People in flood risk areas have been evacuated to safe locations. At present, approximately 17,976 families have been evacuated to 265 welfare centres due to flood and landslide risks in nine Districts, the DMC said. The National Disaster Relief Service Centre (NDRSC) has provided Rs 44.15 million cash allocations to the 12 District Secretaries to address the immediate needs of the affected populations.
The sluice gates of Deduru-oya, Kukuleganga and Rajanganaya tanks were still open and in a few areas of Ja-Ela, inundation continued to prevail.
Sand bags have been stacked by the Army and Navy together with the communities to stop flood water penetration to settlements. The Gampaha-Ganemulla road is still submerged and transportation is limited in the Kirindiwita, Akarawita areas. Low-lying areas are still under water in Wattala in the Gampaha District. A Hindu Kovil has been heavily damaged due to fallen tree in the Norwood estate in Nuwara Eliya. The DMC is presently coordinating with Military agencies through its Emergency Operation Centre for better response interventions and the NDRSC is undertaking needs assessment at local levels, especially in safety centres.
The DMC added that 121 houses were fully damaged and 5,205 were partially damaged.
The NDRSC has allocated Rs 44.15 Million from National Insurance Trust Fund and Treasury funds to the most affected Districts in order to assist the severely affected populations. Agencies that are providing humanitarian assistance were directed to the North-Western areas and also some agencies are supporting communities in affected areas of Kalutara, Ratnapura, Gampaha and Puttalam.
Speaking to Ceylon Today, Deputy Director of the DMC Pradeep Kodippili noted that about 5,000 people have returned to their homes. Military Spokesperson Brigadier Sumith Atapattu added that the Army along with the Navy is involved in rehabilitation works after the floods and landslides, to facilitate the victims’ return to their homes.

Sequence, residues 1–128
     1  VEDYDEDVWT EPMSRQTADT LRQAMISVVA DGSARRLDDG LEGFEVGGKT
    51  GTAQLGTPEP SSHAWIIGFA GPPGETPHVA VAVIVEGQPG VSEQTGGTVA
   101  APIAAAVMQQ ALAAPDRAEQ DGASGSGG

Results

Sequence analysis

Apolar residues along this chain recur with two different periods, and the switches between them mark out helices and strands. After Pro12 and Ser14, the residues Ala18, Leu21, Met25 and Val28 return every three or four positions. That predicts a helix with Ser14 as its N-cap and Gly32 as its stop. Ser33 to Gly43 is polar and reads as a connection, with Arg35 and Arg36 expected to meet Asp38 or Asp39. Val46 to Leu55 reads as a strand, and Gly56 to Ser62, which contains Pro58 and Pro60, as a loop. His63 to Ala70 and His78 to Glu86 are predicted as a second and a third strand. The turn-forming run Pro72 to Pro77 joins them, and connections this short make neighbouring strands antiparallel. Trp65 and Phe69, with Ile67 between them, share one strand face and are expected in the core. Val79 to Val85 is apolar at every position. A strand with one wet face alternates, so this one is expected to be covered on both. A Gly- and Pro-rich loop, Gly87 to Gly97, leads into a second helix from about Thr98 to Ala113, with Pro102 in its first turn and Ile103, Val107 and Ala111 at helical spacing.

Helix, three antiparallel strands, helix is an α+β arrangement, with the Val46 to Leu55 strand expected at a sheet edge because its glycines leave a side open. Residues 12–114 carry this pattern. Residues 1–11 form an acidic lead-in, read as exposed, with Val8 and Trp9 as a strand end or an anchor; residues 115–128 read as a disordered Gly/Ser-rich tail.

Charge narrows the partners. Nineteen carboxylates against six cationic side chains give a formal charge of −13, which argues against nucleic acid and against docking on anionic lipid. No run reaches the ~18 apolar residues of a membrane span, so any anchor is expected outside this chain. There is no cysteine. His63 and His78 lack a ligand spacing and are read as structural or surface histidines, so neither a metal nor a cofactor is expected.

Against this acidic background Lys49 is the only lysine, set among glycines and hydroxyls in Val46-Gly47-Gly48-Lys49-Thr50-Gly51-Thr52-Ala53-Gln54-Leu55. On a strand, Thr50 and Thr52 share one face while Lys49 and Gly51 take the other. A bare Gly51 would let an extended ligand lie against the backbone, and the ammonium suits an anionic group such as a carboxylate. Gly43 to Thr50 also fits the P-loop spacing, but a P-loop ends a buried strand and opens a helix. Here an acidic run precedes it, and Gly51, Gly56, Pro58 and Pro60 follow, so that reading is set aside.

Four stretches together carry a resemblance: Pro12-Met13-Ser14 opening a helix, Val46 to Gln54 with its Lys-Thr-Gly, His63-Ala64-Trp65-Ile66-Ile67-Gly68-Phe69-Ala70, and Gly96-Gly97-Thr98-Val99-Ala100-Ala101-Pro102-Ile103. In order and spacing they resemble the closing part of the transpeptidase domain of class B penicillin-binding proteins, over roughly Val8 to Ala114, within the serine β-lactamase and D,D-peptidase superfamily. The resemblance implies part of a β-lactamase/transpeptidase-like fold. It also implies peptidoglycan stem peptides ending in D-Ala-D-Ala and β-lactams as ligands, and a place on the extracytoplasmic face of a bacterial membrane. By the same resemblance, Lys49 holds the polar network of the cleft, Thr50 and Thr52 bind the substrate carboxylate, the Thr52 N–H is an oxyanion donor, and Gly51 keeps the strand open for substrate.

“We have just commenced the rehabilitation work in the aftermath of the disasters. The troops that were already deployed on ground are presently helping the people upon the request of the DMC and the Grama Niladharis of the respective areas,” he said.
Commenting on the aftermath of the disasters, Acting Director General of Health Services Dr. Sarath Amunugama said yesterday (28) that there have been no increases in diseases such as typhoid, diarrhoea, and dysentery in the disaster-affected areas.
“In times like these, we monitor these diseases and generate a report every day. So far, there have not been any reported increases in bowel diseases such as typhoid, diarrhoea, dysentery or food poisoning in the 50 or so camps that house the flood-affected people.”
He also noted that there were no reports of any epidemics spreading due to the flood situation either.
Meanwhile, Police security has been intensified in areas where people have abandoned their properties to escape the floods and landslides in order to prevent looting, the Police said and instructed the public to report any such incident as soon as it takes place.
Police went on to note that the Special Task Force is also on standby if the incidents of looting intensify and that strict action will be taken against those who are involved in looting.
Incidents of demanding extortion were also reported in the affected areas where those who assist victims of flood, demand monies for their services. The Police advised the public to report such incidents immediately